Paul Holmgren did not mince words.
After perusing the Flyers' daily newspaper clippings, Holmgren knew the questions were coming - about his plans for the offseason, his team's injuries, and, most importantly, his team's mental makeup and leadership.
Holmgren tried to set the record straight yesterday at the Skate Zone in Voorhees, N.J., in his annual breakup meeting with reporters. The only problem was that his subject, captain Mike Richards, remained radio silent for the second day in a row.
One day after coach Peter Laviolette said his relationship with Richards still "needs developing," Holmgren fervently defended his captain.
"I don't know where this [stuff] is coming from," Holmgren said. "You guys [reporters] all know Mike. He's a quiet kid, he's a reserved kid. I think we all are in our own way, I don't want to say we have communication issues, but he's a hard guy to talk to sometimes - probably even to his closest friends.
"He's just a quiet guy. But there is no issue in terms of Mike's relationship with Peter [Laviolette] or Mike's relationship with any of his teammates. That's all a bunch of crap. I don't know why it keeps coming up, but it's ridiculous."
A year ago, as Richards was leading the Flyers to the Stanley Cup finals, it would have been outrageous to think that this topic would come up again.
Still, the fire was fueled when the Flyers were swept by Boston last Friday night, when the Flyers nearly floundered to fourth place in the Eastern Conference after leading it for 54 straight days during a 170-day season, and when they needed seven games against a Buffalo team that squeaked into the playoffs.
Through a Flyers spokesman, Richards declined to address the media yesterday. He announced on his Twitter feed (@MRichie18) that he will undergo surgery this morning to repair a torn ligament in his wrist.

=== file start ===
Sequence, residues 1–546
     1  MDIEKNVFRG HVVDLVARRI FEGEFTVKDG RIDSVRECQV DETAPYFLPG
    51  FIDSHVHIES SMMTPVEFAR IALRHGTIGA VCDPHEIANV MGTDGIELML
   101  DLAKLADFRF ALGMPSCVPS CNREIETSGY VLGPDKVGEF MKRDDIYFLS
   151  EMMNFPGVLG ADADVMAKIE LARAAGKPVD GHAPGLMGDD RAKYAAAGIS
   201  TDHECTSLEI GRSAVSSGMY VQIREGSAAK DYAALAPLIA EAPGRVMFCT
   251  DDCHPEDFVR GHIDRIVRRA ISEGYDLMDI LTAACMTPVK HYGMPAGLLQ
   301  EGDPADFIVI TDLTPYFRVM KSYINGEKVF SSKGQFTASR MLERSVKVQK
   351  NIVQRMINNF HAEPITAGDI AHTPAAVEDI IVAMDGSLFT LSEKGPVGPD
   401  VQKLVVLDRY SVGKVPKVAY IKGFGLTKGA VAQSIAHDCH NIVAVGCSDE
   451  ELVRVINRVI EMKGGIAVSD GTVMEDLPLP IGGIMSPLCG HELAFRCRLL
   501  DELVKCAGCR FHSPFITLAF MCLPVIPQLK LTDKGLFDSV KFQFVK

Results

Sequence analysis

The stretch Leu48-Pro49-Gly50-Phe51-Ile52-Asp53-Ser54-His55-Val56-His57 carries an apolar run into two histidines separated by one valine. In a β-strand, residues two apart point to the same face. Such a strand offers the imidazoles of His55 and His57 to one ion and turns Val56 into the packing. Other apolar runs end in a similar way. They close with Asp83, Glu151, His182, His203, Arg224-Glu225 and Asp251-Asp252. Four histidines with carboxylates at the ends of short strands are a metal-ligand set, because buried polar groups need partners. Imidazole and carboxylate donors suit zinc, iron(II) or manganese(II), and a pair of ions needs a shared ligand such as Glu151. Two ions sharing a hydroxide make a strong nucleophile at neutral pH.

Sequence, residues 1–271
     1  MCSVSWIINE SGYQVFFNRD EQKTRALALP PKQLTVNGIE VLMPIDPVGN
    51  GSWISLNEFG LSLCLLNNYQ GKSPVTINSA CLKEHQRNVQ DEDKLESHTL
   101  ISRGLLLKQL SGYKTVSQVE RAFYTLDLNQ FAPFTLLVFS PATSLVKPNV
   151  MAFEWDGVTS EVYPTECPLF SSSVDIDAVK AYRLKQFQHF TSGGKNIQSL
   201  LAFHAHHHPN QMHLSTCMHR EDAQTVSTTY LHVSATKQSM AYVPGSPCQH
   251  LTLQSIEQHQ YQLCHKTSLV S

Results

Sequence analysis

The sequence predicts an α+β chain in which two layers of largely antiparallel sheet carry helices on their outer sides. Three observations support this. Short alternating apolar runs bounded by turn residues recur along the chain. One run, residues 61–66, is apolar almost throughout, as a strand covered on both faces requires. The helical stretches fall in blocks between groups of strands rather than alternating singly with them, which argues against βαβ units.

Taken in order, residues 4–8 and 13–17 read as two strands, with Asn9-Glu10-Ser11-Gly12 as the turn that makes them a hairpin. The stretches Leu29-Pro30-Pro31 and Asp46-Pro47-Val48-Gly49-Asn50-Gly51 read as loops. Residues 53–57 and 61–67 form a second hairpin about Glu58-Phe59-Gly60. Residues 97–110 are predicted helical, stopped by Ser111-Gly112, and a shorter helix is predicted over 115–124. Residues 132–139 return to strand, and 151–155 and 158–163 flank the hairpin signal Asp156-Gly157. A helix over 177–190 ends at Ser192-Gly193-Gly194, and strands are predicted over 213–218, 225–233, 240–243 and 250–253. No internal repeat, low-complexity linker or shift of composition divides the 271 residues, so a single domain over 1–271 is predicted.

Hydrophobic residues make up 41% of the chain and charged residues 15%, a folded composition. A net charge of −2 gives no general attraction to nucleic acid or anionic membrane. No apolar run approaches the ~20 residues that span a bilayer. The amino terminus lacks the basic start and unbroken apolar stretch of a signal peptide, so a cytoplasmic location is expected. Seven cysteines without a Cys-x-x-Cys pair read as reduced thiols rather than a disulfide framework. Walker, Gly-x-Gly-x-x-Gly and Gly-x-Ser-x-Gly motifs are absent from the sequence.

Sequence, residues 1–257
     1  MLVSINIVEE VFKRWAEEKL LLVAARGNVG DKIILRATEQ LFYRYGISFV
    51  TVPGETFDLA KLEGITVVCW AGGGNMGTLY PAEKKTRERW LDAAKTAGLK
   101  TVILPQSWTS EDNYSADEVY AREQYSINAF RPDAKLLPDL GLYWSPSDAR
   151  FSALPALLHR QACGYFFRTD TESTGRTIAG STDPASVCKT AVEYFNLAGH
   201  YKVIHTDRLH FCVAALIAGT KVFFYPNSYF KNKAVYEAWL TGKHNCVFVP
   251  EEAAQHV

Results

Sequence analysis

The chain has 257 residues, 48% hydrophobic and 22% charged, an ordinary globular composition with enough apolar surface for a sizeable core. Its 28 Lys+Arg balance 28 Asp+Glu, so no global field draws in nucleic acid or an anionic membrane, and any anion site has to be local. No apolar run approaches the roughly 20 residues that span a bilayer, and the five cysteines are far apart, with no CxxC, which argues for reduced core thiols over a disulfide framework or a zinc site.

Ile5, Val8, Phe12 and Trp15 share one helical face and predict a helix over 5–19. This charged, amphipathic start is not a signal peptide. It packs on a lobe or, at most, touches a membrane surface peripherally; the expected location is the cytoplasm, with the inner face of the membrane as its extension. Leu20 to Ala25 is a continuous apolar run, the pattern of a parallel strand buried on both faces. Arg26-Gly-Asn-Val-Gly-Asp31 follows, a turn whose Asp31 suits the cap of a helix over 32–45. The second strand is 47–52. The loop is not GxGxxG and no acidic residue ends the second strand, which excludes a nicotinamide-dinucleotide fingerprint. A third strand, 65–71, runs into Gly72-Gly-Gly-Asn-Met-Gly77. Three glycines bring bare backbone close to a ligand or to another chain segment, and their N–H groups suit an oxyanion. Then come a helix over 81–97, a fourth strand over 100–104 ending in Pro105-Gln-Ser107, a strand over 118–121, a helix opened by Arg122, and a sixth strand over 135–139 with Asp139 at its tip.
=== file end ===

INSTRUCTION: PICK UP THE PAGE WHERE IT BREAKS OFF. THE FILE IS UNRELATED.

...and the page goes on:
Holmgren said yesterday that the mental makeup of this team in its current state - a team that seemingly enjoyed the sadism of backing itself into a corner and playing its way out of it - did not concern him at all.
"I think Mike Richards is a good captain for our team," Holmgren said. "I think he's a tremendous player in our league. And trust me, there are 29 other teams that would love to have Mike Richards.
"For the most part, I think we had a good year. We ended up with a bad 10 or 11 days, or whatever that took. That's the unfortunate part of our business; now we get to sit around all summer here and reflect on that."
The Flyers already have more than $58 million committed to 18 players for next season, with the salary cap expected to rise to nearly $62.5 million. That number won't be finalized until late June.
Wholesale changes are probably not in the works, just based on the simple salary-cap economics. And that probably includes the leadership department.
"I think we are a good team," Holmgren said. "Do we need major changes? I would say no. I can't tell you that we will have the same team next year, whether I like it or not. Change comes with the salary cap. That's just the way it is. We got slapped around, and that was a little harder to take. I think we have to take a look at some things and see where we are going."